It is with great sadness that we note the passing of our friend and colleague, Caroline Wickham-Jones. Caroline was a celebrated archaeologist, author and talented prehistorian. Here in Archaeology at Aberdeen, we remember her generosity - with her time and her knowledge - and her unrelenting enthusiasm for all things archaeological.
Caroline was a good friend to many of us in the Department, as well as an amazing colleague, and was one of our founding members. Indeed, she taught archaeology in Aberdeen through the Centre for Lifelong Learning in the years before the Department was formally established. There she helped to develop the distance teaching and learning programme in Archaeology. When in 2009 she joined the newly-formed Department of Archaeology, as a Lecturer, her commitment to making archaeology accessible for all continued as she ran our distance and flexible learning programmes.
Throughout her teaching career Caroline was also kept busy by her wide range of research projects centred on Scotland’s earliest archaeology. In 2011 she was awarded a prestigious Leverhulme Research Fellowship for ‘The Rising Tide’ project, which focused on sea-level change and the submerged archaeology of Scotland’s coastlines. After her retirement from the University in 2015, Caroline continued to play an active role in Departmental life as an Honorary Researcher, working closely with departmental colleagues on recent projects including recent work on Scotland’s Late Glacial (Ice Age) archaeology. She also co-organised our annual fieldtrip to Orkney, where she made her home. This was a highlight of the academic year for many of us, as well as for our students, and where she would share her love for the archaeology and heritage of Orkney with us.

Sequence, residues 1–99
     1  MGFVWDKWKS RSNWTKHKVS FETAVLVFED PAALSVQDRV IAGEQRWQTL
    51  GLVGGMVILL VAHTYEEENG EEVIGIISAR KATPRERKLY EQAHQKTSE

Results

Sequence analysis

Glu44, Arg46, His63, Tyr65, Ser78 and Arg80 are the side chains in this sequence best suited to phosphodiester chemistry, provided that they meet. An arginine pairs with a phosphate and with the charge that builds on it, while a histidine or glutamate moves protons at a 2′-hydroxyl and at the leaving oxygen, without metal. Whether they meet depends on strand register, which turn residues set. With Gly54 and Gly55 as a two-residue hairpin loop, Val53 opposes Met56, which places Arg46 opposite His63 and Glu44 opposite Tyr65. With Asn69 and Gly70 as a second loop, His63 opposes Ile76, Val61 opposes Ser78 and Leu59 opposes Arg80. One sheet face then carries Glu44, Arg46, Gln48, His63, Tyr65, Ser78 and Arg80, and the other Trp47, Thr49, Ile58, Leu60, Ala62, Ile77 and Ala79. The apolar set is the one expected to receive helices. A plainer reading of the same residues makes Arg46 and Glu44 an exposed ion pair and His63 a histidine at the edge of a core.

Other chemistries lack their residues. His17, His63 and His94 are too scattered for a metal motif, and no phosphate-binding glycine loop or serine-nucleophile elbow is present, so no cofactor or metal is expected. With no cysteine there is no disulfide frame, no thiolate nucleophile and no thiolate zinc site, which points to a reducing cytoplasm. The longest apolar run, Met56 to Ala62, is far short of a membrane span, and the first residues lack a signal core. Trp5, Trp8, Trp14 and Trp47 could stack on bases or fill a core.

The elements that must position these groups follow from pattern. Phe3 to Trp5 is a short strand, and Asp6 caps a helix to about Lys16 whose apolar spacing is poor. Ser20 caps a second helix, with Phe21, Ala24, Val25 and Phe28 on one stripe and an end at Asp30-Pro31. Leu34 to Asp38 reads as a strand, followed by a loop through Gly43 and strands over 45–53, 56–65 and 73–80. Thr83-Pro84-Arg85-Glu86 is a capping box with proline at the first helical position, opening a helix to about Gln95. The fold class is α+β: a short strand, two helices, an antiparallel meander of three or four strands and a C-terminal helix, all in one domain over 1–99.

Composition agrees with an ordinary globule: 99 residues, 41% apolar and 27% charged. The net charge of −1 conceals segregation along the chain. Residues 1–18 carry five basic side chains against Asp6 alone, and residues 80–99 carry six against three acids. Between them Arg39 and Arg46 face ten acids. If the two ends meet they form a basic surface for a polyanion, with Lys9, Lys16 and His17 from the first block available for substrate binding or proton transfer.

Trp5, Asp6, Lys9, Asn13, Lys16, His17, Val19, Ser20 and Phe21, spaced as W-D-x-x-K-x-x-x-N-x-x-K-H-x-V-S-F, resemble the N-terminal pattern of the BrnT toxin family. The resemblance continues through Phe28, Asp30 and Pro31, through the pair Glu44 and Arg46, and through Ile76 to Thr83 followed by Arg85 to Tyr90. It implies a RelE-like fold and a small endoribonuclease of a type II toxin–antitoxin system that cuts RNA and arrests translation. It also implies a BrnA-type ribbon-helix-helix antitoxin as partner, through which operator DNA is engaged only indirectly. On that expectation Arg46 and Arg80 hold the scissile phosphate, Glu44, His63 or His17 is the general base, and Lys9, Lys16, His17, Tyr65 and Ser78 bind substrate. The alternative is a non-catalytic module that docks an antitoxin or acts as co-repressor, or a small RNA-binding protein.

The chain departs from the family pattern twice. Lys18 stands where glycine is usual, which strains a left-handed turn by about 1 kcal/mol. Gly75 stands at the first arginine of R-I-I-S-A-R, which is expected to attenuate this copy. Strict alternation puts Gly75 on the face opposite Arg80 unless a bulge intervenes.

From her early work on Mesolithic sites on the Isle of Rum to her week spent living in the ‘Stone Age’ in 1980s Lapland, Caroline pushed boundaries in archaeology (and in life) and was never afraid of a challenge. She also believed firmly that Archaeology was for everyone. She was incredibly generous in sharing her experience and insights with students, colleagues and members of the public. In turn, she was always open to (and excited by) new ideas. Throughout her long career, before and after her time in Aberdeen, she also made significant contributions to the wider archaeological and natural environment communities across the country, serving as a Council Member for the Society of Antiquaries (1984-1987), Institute of Field Archaeologists (1986-1990), the Orkney Heritage Society (2018-2021), and as a Trustee for the John Muir Trust (1989-1995), the Orkney Archaeological Trust (2003-2010) and the Caithness Archaeological Trust (2012-2016). Her enormous contributions to the Archaeology of Scotland were recently recognized through her appointment to the Society of Antiquaries as an Honorary Fellow in 2018.
Caroline leaves behind a significant legacy of academic writing and popular books on prehistoric Scotland that have forever influenced how academics and the public alike view Scotland’s deep human past. Her passing leaves a big hole in our Department, in Scottish Archaeology, and in our hearts - she will be deeply missed and fondly remembered.
Please note, the funeral of the Late Caroline Wickham-Jones will take place at St Magnus Cathedral, Kirkwall, on Saturday 5th of February at 11:00am. Her son, Guille, requests that – in lieu of flowers – donations can be made to charities that were important to Caroline - Guille Lopez is fundraising for CLAN (justgiving.com) and https://www.socantscot.org/support-us/donations-welcome/